Grace, Truth, Time

Personal change is hard work. The hard work is worth the effort because in the end you have something that lasts. One of our influences for how we practice therapy is the psychologist team of Henry Cloud, Phd and John Townsend, PhD. They have a wonderful website filled with many resources for change and growth.  Many of our clients at Linville Services have read or watched their material and then come to counseling here to apply what they are learning to their specific situation.

In the book, Changes That Heal, Dr. Cloud writes about the ingredients necessary for change.  They are Grace, Truth and Time. Here is where you can see or order the book: 

I often make this “speech” in my office when someone says that “time heals all wounds”. Time is a part of the formula, but time alone will not do it. People need Grace and Truth from other people and from God (and especially from their counselor). Grace is being accepted right where you are in whatever circumstances you are facing. When a client is given Grace they have a safe place to tell their story instead of hiding it or putting on a mask and pretending that everything is okay. Grace does not shame or judge. Grace says it is okay to be imperfect and to be real.

Truth is necessary for change and by this I mean the client is honest about what they are facing and honest about what they are doing that works and what they are doing that halts the desired change. The therapist speaks truth about what he or she sees that may contribute to the problem and truth about ideas to try and feedback on how the growth process is going.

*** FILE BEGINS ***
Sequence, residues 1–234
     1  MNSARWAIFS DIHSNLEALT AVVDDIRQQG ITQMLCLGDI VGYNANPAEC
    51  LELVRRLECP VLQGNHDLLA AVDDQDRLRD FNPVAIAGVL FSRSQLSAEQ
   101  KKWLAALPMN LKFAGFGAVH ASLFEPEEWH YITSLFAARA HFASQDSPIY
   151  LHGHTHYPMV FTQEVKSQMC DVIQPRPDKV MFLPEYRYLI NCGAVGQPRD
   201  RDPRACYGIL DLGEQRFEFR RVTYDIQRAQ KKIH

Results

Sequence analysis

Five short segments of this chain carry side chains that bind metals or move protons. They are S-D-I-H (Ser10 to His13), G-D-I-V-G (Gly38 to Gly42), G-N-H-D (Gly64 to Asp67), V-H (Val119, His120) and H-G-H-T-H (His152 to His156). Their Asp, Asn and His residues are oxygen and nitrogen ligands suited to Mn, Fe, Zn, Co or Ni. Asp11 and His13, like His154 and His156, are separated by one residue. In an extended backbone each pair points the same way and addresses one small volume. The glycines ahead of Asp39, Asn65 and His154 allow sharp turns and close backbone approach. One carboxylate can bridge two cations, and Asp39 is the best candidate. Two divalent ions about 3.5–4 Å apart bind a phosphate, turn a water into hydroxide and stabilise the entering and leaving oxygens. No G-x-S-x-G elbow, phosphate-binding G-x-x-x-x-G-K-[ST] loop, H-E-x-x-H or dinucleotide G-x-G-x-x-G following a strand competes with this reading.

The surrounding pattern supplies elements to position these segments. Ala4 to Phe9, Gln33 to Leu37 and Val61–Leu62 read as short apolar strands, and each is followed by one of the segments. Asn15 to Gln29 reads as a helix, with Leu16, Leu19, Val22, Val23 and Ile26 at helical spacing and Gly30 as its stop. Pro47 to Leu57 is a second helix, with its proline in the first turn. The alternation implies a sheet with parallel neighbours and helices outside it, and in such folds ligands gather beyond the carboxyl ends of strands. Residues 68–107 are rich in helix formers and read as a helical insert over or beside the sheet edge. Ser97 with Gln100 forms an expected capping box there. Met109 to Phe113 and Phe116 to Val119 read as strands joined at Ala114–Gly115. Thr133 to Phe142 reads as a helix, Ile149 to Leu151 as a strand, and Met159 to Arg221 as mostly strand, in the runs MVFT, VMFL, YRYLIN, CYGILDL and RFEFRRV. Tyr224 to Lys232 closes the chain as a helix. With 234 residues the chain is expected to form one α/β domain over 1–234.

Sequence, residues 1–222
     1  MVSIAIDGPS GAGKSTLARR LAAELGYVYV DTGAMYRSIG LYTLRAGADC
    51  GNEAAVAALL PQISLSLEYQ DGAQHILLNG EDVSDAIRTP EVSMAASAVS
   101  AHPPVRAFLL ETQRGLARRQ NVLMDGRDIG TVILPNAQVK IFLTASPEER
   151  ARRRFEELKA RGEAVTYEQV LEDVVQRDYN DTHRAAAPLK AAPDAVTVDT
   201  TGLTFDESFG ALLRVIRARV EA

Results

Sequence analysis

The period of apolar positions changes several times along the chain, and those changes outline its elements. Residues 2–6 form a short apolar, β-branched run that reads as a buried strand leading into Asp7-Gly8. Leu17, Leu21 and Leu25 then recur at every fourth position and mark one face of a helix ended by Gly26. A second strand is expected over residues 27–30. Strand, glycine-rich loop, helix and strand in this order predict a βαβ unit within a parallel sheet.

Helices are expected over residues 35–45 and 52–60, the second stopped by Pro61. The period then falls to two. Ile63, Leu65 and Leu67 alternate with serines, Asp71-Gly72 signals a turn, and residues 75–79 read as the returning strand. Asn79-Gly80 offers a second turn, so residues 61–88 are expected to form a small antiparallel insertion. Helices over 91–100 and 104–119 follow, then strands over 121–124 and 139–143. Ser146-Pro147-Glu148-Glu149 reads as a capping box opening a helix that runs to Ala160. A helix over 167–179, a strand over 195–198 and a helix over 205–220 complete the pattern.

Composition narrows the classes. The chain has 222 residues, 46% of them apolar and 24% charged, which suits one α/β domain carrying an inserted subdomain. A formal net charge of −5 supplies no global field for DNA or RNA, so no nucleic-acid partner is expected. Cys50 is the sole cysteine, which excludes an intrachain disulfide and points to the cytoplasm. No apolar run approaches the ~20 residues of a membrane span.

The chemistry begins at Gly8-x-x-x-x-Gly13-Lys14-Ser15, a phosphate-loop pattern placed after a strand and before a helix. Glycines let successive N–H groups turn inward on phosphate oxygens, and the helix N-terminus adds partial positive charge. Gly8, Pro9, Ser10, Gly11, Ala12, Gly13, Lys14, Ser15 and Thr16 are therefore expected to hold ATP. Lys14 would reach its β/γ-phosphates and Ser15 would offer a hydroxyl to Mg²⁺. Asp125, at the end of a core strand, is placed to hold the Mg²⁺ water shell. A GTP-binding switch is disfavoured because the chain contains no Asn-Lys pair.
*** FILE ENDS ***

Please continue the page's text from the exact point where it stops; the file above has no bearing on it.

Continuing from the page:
Time is necessary because you must practice new behaviors and grieve losses and try and fail and learn and try again. An analogy to illustrate this is a garden.  I prepare the soil by removing weeds and breaking up the soil. I plant seeds. I cover them up and water them. Then it takes a while before I see the seedling poke its head through the soil. Growth is occurring but it is not always visible. By the same token, just because there is a green seedling does not mean I can cut flowers for a bouquet the next day.  Being impatient about growth can cause frustration, but if people can see that they are in the process and to stay the course they will see flowers eventually (with enough light and warmth and water).  The Bible says it this way: Galatians 6:9

“Let us not become weary in doing good, for at the proper time we will reap a harvest if we do not give up.” (NIV)
The combination of all 3 ingredients are necessary because if you have only Truth it can sound like judgement and condemnation.  If you have only Grace the growth seeker feels accepted right where they are with no need to change (for example giving Grace with no truth for a rage problem or a drug problem that is wreaking havoc in the client’s life and in the life of people the client is in relationship with). So if there is only Grace there is no accountability to stop destructive behaviors to the self or others and no motivation to do the hard work of change.
The three ingredients for change work well in the counseling office and they work well in relationships. I hope you will give this a try with the people you love.
Joy and Peace to you,     April Linville, MSW, LCSW